On 06.27.2018 lead metal was added as a new substance to the SVHC list.

All lead soldered products and non-RoHS compliant components usually contain lead above the prescribed limits.

Also all components claiming an RoHS exemption (e.g. 6c, 7a..) - with the exception of glass and ceramic components (7c-I) - are in principle affected by the notification obligation according to REACH Article 33. One focus in the field of electronic components here is on discrete semiconductors (diodes, transistors) with higher currents and bras connectors. In the mechanical field, the focus is on brass parts as well as free-cutting steel (6a) with a lead content >0.1%.

We use external databases to record components, which we use to record material compliance data. In addition, we use material data from our customers to be able to determine the SVHC influence.
In contrast to RoHS, the substance prohibitions introduced by REACH legislation apply to all industries.

SCIP – Waste Framework Directive (ARRL) 2008/98/EC Art. 9, para. 2

According to the above-mentioned EU Directive and the subsequent implementation in German chemicals act according to § 16 f, manufacturers must report substances of very high concern (SVHC) in their products to the European Chemicals Agency (ECHA).

This results in an obligation to provide information to direct customers on SVHC substances in order to provide the required data.


The declaration of substances is intended to increase the recycling rate of end-of-life vehicles.

Zollner has been creating IMDS entries for automotive customers for more than 10 years. In this system, Zollner and the suppliers of all relevant purchased parts declare the substances of the components. The residual lead contents of individual components have also been taken into account here for more than five years. The IMDS entries also ensure conformity with the GADSL (Global Automotive Declarable Substance List).

Back in September 2019 the IMDS Steering Committee voted to deactivate REC019. As a result, according to the Steering Committee, suppliers of electronic components must now finally submit a complete material declaration as of May 19, 2021.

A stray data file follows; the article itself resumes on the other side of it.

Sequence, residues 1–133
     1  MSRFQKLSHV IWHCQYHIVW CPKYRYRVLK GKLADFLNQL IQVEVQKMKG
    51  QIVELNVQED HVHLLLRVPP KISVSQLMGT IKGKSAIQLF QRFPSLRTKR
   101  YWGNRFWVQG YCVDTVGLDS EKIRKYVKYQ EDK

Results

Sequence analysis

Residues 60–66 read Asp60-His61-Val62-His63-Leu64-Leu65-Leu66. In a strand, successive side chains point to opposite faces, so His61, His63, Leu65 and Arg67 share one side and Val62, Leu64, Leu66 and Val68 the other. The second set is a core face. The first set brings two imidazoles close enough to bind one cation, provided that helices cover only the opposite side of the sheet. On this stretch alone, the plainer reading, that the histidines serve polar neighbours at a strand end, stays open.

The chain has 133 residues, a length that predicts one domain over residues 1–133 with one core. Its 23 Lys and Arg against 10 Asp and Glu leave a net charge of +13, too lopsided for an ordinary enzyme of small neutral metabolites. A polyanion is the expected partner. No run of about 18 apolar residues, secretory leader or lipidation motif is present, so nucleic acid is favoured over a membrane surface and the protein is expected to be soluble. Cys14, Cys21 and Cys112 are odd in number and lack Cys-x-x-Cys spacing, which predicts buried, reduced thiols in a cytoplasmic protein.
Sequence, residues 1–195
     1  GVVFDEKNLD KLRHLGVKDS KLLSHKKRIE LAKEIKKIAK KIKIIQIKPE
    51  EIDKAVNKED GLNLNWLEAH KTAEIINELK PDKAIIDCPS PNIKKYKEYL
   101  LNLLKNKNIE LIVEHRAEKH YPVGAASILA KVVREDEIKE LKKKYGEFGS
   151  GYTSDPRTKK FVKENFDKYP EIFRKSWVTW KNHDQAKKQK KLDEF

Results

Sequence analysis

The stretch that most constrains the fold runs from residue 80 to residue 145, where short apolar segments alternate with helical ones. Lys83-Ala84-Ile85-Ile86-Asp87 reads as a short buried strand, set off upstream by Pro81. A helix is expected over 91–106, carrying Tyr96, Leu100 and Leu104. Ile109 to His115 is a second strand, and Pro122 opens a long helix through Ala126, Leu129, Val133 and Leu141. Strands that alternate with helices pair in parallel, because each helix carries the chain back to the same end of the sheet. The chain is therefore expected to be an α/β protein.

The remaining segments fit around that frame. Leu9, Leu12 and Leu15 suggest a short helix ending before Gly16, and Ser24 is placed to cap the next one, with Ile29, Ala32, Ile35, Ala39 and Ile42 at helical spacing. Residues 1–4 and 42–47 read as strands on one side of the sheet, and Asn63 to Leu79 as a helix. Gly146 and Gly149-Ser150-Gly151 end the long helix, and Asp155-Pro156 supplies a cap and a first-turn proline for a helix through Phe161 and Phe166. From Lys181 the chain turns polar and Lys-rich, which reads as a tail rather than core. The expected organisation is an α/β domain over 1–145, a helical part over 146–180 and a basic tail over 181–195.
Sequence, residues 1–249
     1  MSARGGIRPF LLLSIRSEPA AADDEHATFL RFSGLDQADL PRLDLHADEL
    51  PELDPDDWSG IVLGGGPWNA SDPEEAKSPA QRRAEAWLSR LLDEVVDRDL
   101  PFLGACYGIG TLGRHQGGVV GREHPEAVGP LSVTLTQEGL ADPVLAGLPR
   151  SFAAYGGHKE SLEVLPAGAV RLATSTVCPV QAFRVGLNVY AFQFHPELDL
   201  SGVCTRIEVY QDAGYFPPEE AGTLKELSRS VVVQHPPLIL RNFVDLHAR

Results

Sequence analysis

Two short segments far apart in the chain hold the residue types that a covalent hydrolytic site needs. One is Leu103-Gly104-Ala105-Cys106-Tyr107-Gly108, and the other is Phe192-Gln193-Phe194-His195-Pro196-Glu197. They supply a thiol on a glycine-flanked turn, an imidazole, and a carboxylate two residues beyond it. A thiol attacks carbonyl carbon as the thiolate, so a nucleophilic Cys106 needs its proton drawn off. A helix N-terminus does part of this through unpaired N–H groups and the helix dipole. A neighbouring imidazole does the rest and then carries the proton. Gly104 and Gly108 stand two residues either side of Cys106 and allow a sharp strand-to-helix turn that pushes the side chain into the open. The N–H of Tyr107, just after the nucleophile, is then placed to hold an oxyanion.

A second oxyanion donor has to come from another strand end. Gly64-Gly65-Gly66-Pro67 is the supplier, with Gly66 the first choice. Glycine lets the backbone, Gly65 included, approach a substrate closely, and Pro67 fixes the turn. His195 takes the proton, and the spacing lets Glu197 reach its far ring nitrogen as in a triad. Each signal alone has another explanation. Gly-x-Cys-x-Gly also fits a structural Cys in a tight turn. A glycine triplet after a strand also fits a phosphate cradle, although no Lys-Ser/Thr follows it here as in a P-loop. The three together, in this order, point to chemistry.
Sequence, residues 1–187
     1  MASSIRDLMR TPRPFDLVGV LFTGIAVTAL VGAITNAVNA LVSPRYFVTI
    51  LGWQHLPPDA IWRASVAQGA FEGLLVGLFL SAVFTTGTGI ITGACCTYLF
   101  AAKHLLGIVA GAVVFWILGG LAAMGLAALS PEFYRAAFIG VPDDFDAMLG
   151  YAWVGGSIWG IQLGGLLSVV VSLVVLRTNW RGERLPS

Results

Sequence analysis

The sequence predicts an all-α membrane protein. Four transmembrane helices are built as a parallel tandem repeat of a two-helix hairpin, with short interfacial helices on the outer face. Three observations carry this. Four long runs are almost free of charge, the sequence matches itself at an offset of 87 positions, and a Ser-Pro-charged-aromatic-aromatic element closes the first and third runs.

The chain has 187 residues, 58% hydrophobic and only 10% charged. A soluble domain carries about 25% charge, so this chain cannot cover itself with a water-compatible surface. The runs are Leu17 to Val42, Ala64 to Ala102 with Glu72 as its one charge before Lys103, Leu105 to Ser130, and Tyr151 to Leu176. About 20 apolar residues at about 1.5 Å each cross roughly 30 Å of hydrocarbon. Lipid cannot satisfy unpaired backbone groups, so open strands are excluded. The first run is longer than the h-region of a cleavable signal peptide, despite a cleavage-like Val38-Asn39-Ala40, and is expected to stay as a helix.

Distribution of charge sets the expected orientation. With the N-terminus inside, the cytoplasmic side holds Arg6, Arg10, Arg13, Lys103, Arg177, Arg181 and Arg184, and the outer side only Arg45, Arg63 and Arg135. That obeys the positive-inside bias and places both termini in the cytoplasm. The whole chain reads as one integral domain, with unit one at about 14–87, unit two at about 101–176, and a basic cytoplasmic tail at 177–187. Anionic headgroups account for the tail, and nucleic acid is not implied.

Regardless of Recommendation 019, Zollner previously declared components that claimed ELV exemption (e.g. residual lead content) separately.

Since 2020, complete material data without using REC019 has been requested from our suppliers for relevant new projects and provided to our customers via the IMDS portal.

EU POP Regulation No. 2019/1021

Due to the delegated regulation 2020/784 amending the above-mentioned decree and the related relevance of the perflouroctanoic acid (PFOA) substance, which came into force on 07.04.2020, this legality also came into focus at Zollner.

However, exemptions, such as for certain medical devices, membranes, etc., which expire at later dates, were also mentioned. As such, this significantly minimizes the impact of the directive on us and our customers.

The deadlines for these exemptions, like the RohS exemption deadlines, are monitored by Zollner and reported to our customers in a timely manner if this has a relevant impact on our customer products.

Conflict Minerals – “Dodd-Frank act” & (EU) 2017/821

The mining of certain minerals in the Democratic Republic of Congo (DRC) and neighboring countries contributes, in part, to significant human rights violations and funding of violent conflicts in that region. In 2010, the U.S. Congress passed a law commonly referred to as the Dodd-Frank Act (full name: "Dodd-Frank Wall Street Reform and Consumer Protection Act"). Section 1502 of the Dodd-Frank Act, which was passed by the U.S. Securities and Exchange Commission (SEC), requires companies listed on U.S. exchange to disclose whether the products they manufacture or have manufactured contain "conflict minerals" that are "necessary to the functionality or production" of those products. "Conflict minerals" include tantalum, tin, tungsten (and the ores from which they are derived), and gold, regardless of where they are sourced, processed, or sold. Since January 01, 2021, Regulation (EU) 2017/821 entered into force to establish supply chain due diligence requirements for Union importers of certain raw materials from conflict and high-risk areas.

Zollner itself does not procure any of the critical minerals from the affected regions of East Africa. We also expect our suppliers to comply with the requirements of the Responsible Business Alliance (RBA) and the UN, making commercially reasonable efforts to source only raw materials from environmentally and socially responsible sources.

In order to support the customer in the subject matter, Zollner collects to the best of its knowledge and belief the information currently provided by the manufacturers or suppliers in an RMI (Responsible Minerals Initiative) template, the so-called CMRT (Conflict Mineral Report Template), at company level.